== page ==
There is a very big difference between CO and CO2, especially in how the body responds to it. While both are odorless CO2 has a very pronounced and easily recognized effect if it is present in significant amounts. If there is too much CO2 in the air you will immediately feel short of breath and begin to breath much faster. This happens long before the amount reaches toxic proportions. And yes, CO2 is toxic in large amounts, it doesn't just displace oxygen. Too much CO2 will cause disregulation of the mechanism that tells the body to breath. Even if the body has enough oxygen too much CO2 will cause CO2 narcosis as well as systemic acidosis.

            added: Note that acidosis can cause convulsions and heart failure.
            Last edited by Evan; 09-22-2010, 06:59 AM.
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            • #7
              FWIW, one of my handbooks quotes 543.7 sm3 gas per m3 liquid at -18C and 2070 kPa.
              Design to 0.0001", measure to 1/32", cut with an axe, grind to fit


              • #8
                "Question - How much oxygen is needed to remain in the air
                before a person goes unconscious?
                Note that the absolute amount of oxygen in the air is not what those numbers represent. They represent the partial pressure of oxygen compared to other gases. At 12000 feet the amount of oxygen in the air is half what it is at sea level but the proportion of oxgen in the air remains the same up to about 50,000 feet. We can live just fine on half the normal amount of oxygen as long as it remains in the same proportions with the other gases.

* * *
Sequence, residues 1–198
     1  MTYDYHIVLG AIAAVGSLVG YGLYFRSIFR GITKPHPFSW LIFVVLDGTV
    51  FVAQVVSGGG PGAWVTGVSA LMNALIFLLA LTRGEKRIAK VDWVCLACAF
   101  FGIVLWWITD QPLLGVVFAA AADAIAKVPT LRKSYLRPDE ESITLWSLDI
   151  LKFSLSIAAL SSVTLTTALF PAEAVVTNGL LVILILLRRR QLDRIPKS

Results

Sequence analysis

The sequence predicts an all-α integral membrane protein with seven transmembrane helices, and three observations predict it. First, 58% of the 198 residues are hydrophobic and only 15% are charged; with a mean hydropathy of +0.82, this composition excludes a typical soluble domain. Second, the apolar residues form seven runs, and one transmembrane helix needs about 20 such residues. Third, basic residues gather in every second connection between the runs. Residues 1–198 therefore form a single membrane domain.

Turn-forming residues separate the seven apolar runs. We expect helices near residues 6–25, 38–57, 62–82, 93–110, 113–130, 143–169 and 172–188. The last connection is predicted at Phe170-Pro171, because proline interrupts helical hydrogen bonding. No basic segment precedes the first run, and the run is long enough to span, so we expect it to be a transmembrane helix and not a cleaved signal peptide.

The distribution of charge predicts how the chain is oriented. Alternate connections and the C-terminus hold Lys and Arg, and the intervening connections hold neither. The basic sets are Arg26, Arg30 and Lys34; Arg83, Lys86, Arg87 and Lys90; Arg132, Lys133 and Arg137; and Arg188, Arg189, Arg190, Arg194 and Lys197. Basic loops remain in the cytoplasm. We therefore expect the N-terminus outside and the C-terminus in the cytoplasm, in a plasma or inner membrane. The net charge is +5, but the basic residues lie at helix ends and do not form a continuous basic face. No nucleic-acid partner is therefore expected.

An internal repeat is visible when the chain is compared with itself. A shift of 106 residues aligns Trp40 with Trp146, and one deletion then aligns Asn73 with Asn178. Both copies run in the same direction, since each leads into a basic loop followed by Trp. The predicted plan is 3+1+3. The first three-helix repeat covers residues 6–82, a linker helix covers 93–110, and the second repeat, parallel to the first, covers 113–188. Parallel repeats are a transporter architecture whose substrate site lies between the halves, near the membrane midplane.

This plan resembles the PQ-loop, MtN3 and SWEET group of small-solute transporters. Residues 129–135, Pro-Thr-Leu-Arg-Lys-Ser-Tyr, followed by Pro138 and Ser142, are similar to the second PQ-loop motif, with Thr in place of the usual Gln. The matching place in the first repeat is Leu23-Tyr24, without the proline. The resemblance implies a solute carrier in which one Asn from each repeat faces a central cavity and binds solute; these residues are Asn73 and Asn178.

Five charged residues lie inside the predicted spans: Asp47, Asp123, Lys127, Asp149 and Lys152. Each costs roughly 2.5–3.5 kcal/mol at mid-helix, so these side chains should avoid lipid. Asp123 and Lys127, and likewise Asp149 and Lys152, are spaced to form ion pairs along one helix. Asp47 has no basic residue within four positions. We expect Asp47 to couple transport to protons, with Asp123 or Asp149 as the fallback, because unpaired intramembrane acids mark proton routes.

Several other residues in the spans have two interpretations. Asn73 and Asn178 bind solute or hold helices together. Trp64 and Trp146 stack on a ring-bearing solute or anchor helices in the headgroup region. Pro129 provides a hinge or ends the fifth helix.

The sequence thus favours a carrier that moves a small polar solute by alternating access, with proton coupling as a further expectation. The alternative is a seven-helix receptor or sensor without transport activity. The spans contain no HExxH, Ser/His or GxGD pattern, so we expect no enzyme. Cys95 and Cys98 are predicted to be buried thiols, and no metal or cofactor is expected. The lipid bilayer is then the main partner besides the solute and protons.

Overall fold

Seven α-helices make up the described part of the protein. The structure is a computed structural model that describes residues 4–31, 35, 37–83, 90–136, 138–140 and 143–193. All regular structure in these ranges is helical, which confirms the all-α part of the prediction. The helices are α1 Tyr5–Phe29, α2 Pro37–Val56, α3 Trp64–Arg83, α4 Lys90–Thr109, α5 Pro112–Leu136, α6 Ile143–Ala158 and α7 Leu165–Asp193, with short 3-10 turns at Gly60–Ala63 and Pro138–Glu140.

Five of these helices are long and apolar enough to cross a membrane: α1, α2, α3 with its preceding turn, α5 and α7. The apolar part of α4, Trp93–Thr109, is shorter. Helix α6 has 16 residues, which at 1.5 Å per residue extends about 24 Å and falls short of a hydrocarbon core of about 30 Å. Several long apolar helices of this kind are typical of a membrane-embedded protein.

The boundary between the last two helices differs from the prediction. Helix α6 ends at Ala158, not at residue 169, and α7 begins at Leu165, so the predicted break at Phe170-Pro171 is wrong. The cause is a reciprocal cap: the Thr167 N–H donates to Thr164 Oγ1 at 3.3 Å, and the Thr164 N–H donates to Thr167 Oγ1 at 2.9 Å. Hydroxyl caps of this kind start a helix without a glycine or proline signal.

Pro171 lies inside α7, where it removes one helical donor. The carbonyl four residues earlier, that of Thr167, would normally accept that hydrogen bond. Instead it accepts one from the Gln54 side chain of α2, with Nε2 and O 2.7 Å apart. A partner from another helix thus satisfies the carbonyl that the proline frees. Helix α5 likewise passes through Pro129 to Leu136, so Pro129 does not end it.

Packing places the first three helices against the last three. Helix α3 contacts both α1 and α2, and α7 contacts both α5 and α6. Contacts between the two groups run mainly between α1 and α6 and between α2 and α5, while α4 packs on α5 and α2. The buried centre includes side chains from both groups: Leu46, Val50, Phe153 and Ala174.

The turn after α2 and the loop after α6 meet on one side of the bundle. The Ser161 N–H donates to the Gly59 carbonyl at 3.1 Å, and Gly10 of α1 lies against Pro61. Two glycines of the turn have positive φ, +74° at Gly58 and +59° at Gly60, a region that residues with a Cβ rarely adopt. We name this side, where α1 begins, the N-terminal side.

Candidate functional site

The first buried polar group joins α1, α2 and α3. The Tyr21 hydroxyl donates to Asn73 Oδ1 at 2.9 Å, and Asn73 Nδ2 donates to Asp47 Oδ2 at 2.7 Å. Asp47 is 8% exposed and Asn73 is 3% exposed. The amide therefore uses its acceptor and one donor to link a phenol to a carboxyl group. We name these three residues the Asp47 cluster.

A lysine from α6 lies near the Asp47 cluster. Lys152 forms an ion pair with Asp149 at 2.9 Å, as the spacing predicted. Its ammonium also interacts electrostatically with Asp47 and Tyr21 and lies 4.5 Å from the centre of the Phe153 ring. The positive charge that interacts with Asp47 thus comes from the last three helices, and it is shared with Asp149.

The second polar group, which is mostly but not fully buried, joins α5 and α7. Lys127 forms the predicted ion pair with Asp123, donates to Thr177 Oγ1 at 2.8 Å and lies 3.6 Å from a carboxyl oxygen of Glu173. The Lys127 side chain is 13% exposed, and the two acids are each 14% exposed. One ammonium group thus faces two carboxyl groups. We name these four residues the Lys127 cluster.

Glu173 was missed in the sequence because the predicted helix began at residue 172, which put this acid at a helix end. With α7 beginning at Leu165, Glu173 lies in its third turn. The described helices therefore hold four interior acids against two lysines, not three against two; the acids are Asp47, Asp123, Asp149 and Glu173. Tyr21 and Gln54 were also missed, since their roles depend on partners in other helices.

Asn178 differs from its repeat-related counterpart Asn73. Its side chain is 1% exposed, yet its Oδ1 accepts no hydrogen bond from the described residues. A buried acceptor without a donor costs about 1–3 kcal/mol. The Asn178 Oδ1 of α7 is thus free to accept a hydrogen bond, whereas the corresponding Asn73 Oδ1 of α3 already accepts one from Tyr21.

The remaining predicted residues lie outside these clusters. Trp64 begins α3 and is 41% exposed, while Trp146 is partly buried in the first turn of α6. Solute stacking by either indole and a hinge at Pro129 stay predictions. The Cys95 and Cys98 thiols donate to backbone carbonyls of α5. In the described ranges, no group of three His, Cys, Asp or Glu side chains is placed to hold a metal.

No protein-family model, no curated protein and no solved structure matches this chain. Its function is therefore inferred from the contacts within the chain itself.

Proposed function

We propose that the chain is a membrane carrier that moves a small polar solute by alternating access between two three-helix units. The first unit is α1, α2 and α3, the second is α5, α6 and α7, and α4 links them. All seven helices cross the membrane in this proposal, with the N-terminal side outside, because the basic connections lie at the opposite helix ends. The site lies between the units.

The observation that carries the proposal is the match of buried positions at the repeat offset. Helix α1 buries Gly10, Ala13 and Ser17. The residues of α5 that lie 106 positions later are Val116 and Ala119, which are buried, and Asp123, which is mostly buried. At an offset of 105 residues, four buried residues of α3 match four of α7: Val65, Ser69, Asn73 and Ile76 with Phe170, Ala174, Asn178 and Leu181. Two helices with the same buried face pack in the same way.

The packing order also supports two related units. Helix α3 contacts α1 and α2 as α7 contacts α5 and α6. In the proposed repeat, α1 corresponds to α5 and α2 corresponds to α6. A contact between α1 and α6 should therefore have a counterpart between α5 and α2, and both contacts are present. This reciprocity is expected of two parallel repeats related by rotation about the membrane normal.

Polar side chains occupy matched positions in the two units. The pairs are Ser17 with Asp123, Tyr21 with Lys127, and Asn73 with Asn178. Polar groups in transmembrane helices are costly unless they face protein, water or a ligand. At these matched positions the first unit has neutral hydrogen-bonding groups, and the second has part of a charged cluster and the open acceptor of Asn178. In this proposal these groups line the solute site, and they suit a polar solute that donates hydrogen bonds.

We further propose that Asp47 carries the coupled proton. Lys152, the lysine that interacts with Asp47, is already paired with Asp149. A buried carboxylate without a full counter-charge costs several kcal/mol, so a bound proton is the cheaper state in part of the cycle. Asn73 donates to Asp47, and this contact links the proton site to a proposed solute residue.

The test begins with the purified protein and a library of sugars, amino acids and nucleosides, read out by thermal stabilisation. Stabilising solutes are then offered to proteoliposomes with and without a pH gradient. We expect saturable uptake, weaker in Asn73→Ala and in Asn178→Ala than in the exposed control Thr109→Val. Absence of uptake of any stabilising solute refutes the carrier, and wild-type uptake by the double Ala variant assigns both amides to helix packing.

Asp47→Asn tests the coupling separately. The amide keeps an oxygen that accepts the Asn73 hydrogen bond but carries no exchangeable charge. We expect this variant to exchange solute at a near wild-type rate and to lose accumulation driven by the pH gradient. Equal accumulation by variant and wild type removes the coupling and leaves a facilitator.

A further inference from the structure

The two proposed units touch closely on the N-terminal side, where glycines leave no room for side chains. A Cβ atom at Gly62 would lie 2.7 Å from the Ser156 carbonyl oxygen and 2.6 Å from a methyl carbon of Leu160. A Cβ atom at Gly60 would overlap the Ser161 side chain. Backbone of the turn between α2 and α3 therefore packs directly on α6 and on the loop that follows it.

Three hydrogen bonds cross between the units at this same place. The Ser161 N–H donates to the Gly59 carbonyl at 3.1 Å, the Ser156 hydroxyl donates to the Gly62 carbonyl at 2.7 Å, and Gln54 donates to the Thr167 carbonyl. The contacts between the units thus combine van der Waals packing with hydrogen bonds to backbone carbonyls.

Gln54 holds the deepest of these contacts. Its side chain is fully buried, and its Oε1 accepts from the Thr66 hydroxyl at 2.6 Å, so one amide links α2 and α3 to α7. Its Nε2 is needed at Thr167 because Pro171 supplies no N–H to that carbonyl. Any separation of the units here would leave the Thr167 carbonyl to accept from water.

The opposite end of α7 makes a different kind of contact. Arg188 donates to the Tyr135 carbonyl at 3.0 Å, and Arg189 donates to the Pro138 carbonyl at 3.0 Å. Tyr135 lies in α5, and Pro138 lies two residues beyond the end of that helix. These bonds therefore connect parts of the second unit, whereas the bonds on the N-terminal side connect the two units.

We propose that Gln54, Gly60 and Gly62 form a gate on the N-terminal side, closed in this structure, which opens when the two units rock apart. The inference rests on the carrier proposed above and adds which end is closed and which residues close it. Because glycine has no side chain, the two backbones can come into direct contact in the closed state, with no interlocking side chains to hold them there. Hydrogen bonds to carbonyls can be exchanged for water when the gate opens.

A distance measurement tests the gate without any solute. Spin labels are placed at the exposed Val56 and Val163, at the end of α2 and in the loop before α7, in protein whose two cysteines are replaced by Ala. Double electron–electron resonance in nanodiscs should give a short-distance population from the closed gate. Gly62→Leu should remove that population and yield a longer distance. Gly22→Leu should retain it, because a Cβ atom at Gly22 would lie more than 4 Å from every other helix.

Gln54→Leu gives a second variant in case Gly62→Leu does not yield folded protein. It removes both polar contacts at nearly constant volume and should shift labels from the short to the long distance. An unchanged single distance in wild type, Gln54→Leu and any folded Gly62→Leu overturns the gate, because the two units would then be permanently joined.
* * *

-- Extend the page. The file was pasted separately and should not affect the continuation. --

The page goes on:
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                • #9
                  Yes, according to the information I read, high CO2 concentration is easily noticable by humans. But, is it still noticeable while sleeping? For example, if the rate of breathing or the heart rate goes up, would you wake up?


                  • #10
                    You will wake up rather than die sleeping. It is the same as what happens during sleep apnea. The symptom of too much CO2 in your blood is the same as holding your breath, which is effectively the same as sleep apnea. The cardinal feature of sleep apnea is waking even from deep sleep many times per night.
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                    • #11
                      Originally posted by Evan
                      The cardinal feature of sleep apnea is waking even from deep sleep many times per night.
                      In my case I wake many times to adjust my face mask. And the other feature is bizarre dreams.